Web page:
• The report on industrial output showed that industry employed 79.2 % of its capacity in December – the most since June 2008. Still, capacity use remained 1 percentage point below its long-run average.
  • Housing starts fell less than expected in December. Groundbreaking for new homes (Housing Starts) dropped 9.8 % to a seasonally adjusted annual rate of 999,000-unit pace. It was the largest percentage decline since April, but housing starts were coming off a multi-year high reached in November and the decline was smaller than economists had expected. For all of 2013, starts increased 18.3 % to an average of 923,400-units.
    • Groundbreaking for single-family homes, the largest segment of the market, fell 7.0 % to a 667,000-unit pace in December.
    • Starts for the volatile multi-family homes segment declined 14.9 % to a 332,000-unit rate.
    • Increasing household formation and a tight supply of houses has been boosting home building, which in turn is supporting the labor market.
  • Permits to build homes fell 3.0 % in December to a 986,000-unit pace. It was the second straight month of declines. For all of 2013, permits increased 17.5 % to an average of 974,700-units.
  • The Thomson Reuters/University of Michigan’s U.S. consumer sentiment index came in at 80.4, down from 82.5 in December. It was below the median forecast of 83.5 among economists polled by Reuters.
    • The survey’s barometer of current economic conditions fell to 95.2 from 98.6 and below a forecast of 98.5.
    • The survey’s gauge of consumer expectations slipped to 70.9 from 72.1 and below a forecast of 74.2.
    • The survey’s one-year inflation expectation was unchanged from last month at 3.0 %, while the survey’s five-to-10-year inflation outlook rose to 2.9 % from 2.7 %.
  • Washington’s battles over government funding ended with a whimper on Thursday as the U.S. Senate approved a $1.1 trillion spending bill that quells for nearly nine months the threat of another federal agency shutdown. President Barack Obama is expected to sign it into law by Saturday. The fiscal focus in Congress now turns to debate over another boost in the $17 trillion federal debt limit. An increase could be needed in as little as six weeks.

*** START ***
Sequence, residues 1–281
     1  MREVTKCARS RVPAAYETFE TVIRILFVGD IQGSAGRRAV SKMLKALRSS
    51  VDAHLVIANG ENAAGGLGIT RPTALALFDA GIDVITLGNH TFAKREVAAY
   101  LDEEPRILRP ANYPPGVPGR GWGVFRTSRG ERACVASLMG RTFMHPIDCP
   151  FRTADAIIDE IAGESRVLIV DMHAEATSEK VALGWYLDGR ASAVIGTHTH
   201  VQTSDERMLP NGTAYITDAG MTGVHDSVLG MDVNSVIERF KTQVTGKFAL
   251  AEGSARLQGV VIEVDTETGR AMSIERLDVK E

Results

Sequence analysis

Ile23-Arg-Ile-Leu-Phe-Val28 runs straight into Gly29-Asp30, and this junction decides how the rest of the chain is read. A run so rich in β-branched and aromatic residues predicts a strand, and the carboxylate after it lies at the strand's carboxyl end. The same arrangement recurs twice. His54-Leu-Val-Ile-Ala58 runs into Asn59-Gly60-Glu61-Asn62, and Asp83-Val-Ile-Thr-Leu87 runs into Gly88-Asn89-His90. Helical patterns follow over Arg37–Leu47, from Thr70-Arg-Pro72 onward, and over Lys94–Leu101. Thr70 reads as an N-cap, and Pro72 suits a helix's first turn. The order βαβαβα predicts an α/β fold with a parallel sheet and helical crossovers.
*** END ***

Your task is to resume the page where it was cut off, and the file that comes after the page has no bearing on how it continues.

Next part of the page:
EUROPE & WORLD

  • Canada loses patience on Keystone XL, tells U.S. to decide. Canada bluntly told the United States on Thursday to settle the fate of TransCanada Corp’s proposed Keystone XL pipeline, saying the drawn-out process on whether to approve the northern leg of the project was taking too long.
  • Bill Gross is souring on Brazil. After the country’s real-denominated debt plunged 13.6 % last year, more than the 9 % average decline for developing nations, PIMCO’s Gross said Jan. 15 that Brazil was no longer a preferred market.  His $237 billion Total Return Fund cut Brazilian assets to 3.27 % in December from 4.18 % three months earlier.

TODAY in HISTORY

  • Benjamin Franklin was born in Boston (1706)
  • James Madison Randolph, the grandson of Thomas Jefferson, became the first child born in the White House (1806)
  • President Clinton became the first sitting U.S. president to testify as a defendant in a criminal or civil suit (1998)
  • Gov. Gray Davis declared a state of emergency concerning California’s electricity crisis (2001)

Sources: Reuters, Yahoo Finance, Google Finance, Bloomberg, CNN Money.

This information has been prepared from sources believed to be reliable, but no representation is being made as to its accuracy or completeness. The information provided should be used only as general information and is not intended to provide specific advice or recommendations for any individual. The economic forecasts set forth in the material may not develop as predicted. All indices, such as the S & P 500, are unmanaged and may not be invested into directly.